This week, a federal administrative judge, Stephen C. Mish, found that it was “more likely than not that at least some senior agency leaders were aware, or should have been, of nationwide problems getting veterans scheduled for timely appointments” and that the Phoenix hospital, “as a part of the nationwide system also had those problems.”

He ruled that the department failed to provide sufficient evidence that Ms. Helman should have been fired over the conditions at Phoenix. 

Still, he upheld her dismissal on separate charges of taking favors from a health care industry consultant.

A V.A. spokeswoman declined to comment on the litigation. Earlier, the department said it removed Ms. Helman “based on the available evidence.”

In filings in Ms. Helman’s case, the department also acknowledged that before April 2014, three high-ranking officials, including a deputy under secretary for health and the associate director for scheduling and access, were aware of issues at Phoenix related to wait times, the electronic waiting list or patient appointment backlogs.

A sworn statement by the former under secretary for health, Dr. Robert Petzel, also stated that before Ms. Helman arrived, the “V.A. was aware of access issues” in Phoenix. Mr. Shinseki, however, according to the filings, said that he was “unable to recall the contents of the briefings” from Ms. Bowers and “did not recall any of the allegations regarding Phoenix being raised during any budget presentation.” One crucial question remains: Why did senior officials not do more to fix the underlying problem, which was a shortage of doctors and other clinicians while demand for care was soaring? 

After the appointment of a new secretary this summer, the department abruptly disclosed that it was short 28,000 doctors, nurses and other staff and that some places, including Phoenix, acutely lacked clinic space. It has not been said whether these shortfalls were previously discussed at high levels inside the department or the Obama administration.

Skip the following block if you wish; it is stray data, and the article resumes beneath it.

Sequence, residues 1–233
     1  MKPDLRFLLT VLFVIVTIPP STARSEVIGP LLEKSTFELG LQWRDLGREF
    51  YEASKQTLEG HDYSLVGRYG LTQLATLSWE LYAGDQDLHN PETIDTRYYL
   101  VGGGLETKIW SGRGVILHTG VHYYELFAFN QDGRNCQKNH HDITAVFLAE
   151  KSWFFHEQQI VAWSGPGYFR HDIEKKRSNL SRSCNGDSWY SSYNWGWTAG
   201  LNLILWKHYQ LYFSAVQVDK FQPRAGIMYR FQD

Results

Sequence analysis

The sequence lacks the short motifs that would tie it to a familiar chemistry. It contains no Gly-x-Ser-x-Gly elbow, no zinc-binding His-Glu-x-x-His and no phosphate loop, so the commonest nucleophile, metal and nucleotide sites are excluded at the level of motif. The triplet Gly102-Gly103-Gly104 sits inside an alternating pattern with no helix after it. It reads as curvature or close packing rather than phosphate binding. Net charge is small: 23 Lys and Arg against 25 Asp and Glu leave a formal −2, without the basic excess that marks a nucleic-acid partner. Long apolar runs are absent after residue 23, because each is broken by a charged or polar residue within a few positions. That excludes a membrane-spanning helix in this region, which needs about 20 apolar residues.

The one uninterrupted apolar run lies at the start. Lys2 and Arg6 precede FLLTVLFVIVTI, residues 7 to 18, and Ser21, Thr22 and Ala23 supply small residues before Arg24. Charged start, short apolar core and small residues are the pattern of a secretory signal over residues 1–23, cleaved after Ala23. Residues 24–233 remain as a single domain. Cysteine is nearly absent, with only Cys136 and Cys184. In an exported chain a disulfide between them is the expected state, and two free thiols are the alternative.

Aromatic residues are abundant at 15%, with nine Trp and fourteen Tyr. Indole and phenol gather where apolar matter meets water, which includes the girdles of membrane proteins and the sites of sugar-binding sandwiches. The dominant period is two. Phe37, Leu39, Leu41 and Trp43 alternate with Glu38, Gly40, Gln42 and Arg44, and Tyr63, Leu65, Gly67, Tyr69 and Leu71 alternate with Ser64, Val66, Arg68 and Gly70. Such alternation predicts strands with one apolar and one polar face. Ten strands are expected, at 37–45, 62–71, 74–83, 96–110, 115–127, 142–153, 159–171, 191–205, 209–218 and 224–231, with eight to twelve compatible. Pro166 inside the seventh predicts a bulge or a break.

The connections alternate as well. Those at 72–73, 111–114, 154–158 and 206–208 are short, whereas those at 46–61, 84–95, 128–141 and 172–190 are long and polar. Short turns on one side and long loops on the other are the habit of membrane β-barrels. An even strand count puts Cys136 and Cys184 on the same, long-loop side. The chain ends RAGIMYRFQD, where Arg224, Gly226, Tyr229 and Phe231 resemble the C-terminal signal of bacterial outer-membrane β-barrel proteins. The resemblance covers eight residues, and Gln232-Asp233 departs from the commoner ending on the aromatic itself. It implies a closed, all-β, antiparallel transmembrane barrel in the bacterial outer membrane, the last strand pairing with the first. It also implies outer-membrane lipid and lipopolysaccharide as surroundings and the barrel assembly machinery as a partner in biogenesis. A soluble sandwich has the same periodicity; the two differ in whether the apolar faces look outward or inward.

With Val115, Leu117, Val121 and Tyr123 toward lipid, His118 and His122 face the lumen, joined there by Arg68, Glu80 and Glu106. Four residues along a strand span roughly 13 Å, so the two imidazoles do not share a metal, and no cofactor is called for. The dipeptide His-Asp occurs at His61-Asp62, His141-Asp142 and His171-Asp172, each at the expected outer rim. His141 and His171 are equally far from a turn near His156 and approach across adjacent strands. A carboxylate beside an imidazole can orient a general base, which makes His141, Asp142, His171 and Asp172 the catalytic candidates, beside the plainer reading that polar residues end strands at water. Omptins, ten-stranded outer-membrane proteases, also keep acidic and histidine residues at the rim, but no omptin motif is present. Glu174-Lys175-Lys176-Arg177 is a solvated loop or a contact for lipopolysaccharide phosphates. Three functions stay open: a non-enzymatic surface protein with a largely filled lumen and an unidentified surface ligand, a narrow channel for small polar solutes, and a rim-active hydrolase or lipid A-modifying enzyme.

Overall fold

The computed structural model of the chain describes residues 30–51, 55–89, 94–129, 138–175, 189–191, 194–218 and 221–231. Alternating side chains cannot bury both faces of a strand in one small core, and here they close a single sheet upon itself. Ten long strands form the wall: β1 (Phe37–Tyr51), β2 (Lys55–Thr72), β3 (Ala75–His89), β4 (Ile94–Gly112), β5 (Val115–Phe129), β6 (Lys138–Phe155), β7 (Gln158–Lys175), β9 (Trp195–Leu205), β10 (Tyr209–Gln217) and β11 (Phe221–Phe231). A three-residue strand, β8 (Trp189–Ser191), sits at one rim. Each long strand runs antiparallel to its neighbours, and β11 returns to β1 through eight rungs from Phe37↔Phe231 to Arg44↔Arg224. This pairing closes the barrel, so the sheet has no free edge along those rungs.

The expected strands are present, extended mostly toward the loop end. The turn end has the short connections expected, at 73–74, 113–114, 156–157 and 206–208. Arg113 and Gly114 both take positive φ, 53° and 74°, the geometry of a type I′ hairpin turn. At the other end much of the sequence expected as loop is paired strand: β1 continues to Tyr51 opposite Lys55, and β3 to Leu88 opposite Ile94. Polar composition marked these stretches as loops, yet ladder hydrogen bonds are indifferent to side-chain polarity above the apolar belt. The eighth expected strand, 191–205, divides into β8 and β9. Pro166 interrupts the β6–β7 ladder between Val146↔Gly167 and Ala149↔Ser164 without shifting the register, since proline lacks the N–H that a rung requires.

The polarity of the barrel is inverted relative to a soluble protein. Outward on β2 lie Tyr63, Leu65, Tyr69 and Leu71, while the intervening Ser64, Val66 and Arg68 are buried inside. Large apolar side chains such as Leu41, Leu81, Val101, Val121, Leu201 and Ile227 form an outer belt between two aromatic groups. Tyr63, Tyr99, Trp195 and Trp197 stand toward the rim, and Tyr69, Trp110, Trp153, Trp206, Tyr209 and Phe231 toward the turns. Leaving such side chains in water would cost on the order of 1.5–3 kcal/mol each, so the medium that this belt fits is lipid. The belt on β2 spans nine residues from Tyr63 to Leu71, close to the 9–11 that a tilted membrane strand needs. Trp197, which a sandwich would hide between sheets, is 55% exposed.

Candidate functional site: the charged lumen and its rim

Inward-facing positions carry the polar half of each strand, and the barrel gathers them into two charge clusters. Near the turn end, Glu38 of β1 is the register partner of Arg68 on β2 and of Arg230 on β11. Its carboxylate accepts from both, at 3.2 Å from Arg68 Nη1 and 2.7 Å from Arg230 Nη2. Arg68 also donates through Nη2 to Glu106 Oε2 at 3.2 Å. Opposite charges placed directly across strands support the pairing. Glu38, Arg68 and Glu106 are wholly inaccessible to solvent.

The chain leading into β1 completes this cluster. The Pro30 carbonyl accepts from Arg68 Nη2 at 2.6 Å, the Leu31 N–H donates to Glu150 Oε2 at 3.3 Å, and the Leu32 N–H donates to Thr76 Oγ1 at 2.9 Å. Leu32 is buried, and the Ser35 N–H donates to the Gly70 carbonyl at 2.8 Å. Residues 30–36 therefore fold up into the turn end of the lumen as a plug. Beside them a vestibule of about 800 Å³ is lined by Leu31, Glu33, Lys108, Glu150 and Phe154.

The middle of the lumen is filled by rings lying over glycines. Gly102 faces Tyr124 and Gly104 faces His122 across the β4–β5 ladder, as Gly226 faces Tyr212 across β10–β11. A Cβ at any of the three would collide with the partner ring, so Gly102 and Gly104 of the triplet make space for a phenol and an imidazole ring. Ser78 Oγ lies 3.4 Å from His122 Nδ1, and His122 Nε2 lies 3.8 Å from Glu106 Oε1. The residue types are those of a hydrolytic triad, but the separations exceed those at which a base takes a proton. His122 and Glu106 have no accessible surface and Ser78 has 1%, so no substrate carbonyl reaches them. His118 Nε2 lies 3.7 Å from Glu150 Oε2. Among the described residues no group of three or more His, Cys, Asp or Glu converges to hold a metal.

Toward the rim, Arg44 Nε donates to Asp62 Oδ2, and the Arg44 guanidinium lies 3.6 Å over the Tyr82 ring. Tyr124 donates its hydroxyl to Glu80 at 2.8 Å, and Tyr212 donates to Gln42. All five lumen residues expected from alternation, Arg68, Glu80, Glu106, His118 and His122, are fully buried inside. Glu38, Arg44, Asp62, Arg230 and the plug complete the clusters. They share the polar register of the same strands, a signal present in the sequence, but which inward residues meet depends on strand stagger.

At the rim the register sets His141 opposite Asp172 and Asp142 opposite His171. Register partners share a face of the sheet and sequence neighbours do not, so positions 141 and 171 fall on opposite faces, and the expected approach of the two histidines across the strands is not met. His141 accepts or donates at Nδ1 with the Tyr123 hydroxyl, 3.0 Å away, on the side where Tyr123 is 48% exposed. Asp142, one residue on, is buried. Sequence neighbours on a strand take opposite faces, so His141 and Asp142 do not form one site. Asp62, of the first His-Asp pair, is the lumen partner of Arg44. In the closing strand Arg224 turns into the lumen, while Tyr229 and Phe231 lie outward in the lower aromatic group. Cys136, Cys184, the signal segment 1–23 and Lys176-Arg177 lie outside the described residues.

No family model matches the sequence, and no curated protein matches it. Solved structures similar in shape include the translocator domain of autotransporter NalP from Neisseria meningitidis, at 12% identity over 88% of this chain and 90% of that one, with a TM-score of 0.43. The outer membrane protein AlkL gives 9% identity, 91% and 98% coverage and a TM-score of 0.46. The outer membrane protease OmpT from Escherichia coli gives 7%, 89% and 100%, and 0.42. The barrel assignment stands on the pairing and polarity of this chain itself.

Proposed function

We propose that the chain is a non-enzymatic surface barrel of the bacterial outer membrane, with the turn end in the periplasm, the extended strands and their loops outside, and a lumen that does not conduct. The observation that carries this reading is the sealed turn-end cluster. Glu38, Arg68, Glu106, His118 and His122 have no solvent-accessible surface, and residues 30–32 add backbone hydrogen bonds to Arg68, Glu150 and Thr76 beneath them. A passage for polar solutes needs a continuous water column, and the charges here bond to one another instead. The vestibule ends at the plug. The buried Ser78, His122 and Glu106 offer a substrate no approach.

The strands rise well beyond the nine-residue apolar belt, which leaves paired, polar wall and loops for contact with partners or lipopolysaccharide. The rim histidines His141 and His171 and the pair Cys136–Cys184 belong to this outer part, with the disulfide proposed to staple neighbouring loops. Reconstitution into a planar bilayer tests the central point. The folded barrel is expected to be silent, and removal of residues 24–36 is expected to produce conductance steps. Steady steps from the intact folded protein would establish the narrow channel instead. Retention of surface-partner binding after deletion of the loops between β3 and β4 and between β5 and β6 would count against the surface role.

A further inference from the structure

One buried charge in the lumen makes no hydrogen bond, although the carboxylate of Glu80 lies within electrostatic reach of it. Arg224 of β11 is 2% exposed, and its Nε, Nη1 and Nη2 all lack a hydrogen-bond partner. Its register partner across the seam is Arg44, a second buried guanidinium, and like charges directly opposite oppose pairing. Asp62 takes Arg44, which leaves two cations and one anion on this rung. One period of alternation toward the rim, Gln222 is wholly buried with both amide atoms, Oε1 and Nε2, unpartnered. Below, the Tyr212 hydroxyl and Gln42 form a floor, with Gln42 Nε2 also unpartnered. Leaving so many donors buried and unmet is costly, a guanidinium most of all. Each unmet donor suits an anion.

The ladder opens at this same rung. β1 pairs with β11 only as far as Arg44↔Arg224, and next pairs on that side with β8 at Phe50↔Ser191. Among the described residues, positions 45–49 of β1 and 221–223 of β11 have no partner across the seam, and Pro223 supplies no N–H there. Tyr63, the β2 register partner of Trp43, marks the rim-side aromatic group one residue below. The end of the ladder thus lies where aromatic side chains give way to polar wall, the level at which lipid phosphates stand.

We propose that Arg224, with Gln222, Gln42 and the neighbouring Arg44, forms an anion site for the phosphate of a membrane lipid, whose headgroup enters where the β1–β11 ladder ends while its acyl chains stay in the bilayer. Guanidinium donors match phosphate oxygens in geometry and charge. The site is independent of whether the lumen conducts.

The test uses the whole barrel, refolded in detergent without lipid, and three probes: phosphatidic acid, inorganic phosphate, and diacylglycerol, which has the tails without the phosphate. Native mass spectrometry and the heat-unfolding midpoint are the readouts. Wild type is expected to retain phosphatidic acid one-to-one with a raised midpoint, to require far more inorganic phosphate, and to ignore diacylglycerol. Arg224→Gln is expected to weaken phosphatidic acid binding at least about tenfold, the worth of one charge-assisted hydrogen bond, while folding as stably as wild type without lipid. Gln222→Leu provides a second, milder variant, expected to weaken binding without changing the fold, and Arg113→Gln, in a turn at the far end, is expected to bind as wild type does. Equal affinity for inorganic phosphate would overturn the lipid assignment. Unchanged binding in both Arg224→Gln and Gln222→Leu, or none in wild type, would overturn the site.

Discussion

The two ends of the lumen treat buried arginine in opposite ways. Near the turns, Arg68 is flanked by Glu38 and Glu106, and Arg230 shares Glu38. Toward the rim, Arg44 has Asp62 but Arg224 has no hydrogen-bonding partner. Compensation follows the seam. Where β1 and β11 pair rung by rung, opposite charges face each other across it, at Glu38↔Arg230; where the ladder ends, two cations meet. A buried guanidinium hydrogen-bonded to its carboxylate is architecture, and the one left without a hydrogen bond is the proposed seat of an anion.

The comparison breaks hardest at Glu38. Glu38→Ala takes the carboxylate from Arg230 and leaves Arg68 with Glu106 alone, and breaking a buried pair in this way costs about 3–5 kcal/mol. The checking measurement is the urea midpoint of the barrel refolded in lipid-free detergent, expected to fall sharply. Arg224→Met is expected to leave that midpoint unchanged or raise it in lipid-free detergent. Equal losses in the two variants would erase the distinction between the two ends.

Judge Mish’s ruling suggests Ms. Helman was scapegoated, her lawyers say. Seeking to convince people of “its preferred story line” that blamed her and others in Phoenix instead of senior officials, the department purposely made them “bear the brunt of the contrived political outrage,” one of her law firms, Shaw Bransford & Roth, said in a statement, though it did not say whether she planned to appeal. Her lawyers say they believe the department moved to fire her only after federal criminal investigators discovered emails between Ms. Helman and the consultant and turned them over to the V.A.

The documents are not the first indication that senior officials knew of the Phoenix problems. In 2008, the inspector general found that it was “an accepted past practice” there to alter appointments to avoid waits over 30 days.

Two years later, a deputy under secretary warned regional directors in a memo to eliminate improper practices being used to “improve scores on assorted access measures.” In a telephone interview after the judge’s ruling in the case, Ms. Bowers said that 2010 memo was written after she told the official of scheduling problems in Phoenix.

When she briefed Mr. Shinseki about problems, she added, he would say, “There’s a process, and we need to follow through on the process.”